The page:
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Access Log files,

Posted on 2003-10-29
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Last Modified: 2010-04-22
Hi there,

I created a user say call Test , here is what he did

say the test go to directory /etc
cd /etc
vi passwd

Is it possible as a admin to know that the user test went to directory called /etc? I knew they keep it in .bash_history  in every directory of home user, but the thing is the user can delete those file , so we don't have any record about the log.
Is it possibe to know ? 1. using all the functionality that come up standard  Linux or Sun OS
                                 2. or maybe is there any additional software that you know to see what the user open ?


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Question by:wilslm
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chris_calabrese earned 225 total points
ID: 9645965
The only way you can know for sure exactly what each user did is to turn on Kernel System Call Auditing.
The Center for Internet Security (www.cisecurity.org) has OS-specific Benchmark documents that tell you how to do this.
Warning: Kernel System Call Auditing will affect system performance and use a lot of disk space.
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by:chris_calabrese
chris_calabrese earned 225 total points
ID: 9645970
Oh yeah, you can also try System Accounting, which has much less impact on the system than System Call Auditing. But it only captures shell-commands, not things done from inside a program (like inside a vi session)
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by:learath
learath earned 100 total points
ID: 9645984
It is not possible with the standard logging on most unix systems.  You would want to consider some sort of accounting program to do this one of which is http://secureaudit.sourceforge.net/.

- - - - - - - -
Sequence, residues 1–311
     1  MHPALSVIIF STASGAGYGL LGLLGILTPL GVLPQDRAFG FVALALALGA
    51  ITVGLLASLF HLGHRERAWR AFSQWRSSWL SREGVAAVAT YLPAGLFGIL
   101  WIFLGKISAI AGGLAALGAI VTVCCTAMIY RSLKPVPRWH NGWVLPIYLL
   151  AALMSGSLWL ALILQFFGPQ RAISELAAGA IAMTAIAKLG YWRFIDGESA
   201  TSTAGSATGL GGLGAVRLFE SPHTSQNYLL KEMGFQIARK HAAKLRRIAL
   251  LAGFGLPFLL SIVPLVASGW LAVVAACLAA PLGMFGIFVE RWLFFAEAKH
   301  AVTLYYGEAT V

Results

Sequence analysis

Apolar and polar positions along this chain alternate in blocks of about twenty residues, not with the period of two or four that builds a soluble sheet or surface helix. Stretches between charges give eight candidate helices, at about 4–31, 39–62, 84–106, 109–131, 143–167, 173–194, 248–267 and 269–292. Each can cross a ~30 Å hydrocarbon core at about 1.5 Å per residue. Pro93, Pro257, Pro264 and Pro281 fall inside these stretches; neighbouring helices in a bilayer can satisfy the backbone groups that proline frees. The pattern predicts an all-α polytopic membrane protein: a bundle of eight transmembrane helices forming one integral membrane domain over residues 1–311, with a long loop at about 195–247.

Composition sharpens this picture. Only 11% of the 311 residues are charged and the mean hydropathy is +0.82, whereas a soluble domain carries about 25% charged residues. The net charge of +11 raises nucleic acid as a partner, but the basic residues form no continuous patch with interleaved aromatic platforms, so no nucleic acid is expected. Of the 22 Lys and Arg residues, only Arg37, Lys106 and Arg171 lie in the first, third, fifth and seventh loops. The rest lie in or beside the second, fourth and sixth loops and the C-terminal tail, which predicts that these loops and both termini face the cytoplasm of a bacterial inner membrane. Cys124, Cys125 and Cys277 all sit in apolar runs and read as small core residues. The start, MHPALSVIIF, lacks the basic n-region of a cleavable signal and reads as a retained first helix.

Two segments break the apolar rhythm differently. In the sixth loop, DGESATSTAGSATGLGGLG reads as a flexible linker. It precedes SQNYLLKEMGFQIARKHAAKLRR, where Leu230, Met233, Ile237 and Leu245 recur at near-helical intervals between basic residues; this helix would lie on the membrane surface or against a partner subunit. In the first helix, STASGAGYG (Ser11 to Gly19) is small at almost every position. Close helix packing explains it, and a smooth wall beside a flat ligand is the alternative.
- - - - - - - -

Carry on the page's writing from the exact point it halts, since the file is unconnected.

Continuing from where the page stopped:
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Assisted Solution

by:StevenSim
StevenSim earned 75 total points
ID: 9649673
You can make use of Expect scripting to perform full logging of all keystrokes and output (including curses output). The script can be called from your system profiles. I have seen it in use. Unfortunately I do not have the script with me off-hand. The downside is that logs are huge.

I think what is most important is that your /etc/passwd has proper read-only permissions. If finer grained access is required, then use ACLs. Ultimately, since encrypted passwords are stored in the shadow files, read access of /etc/passwd is very much harmless.
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Assisted Solution

by:ahoffmann
ahoffmann earned 100 total points
ID: 9662709
Chris knows to hide, don't tell the world, they won't use vi anymore ;-))

To jail a user shell's history depends on the shell.
In tcsh you can use /etc/csh.cshrc and set the histfile variable read-only, then in /etc/csh.logout copy the history to a save file.
AFAIK it works similar in bash.
This might not be very exact (as chris_calabrese already explained), but is a quick&dirty hack to catch the most.
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Author Comment

by:wilslm
ID: 9663815
Thx guys for the input...
I recalled that when I did my first year uni .. I love using "Pico"
My instructor then came to me ... said "you should try to learn VI" (that was in University of Melbourne 1996)

Now in U.S ... I asked the techincal support regarding "Vi"
and he replied " Iam surprise that there is somone still using Vi"
(Univeristy of Michigan - Ann Arbor)

=-Life is changed-=

enjoy:)
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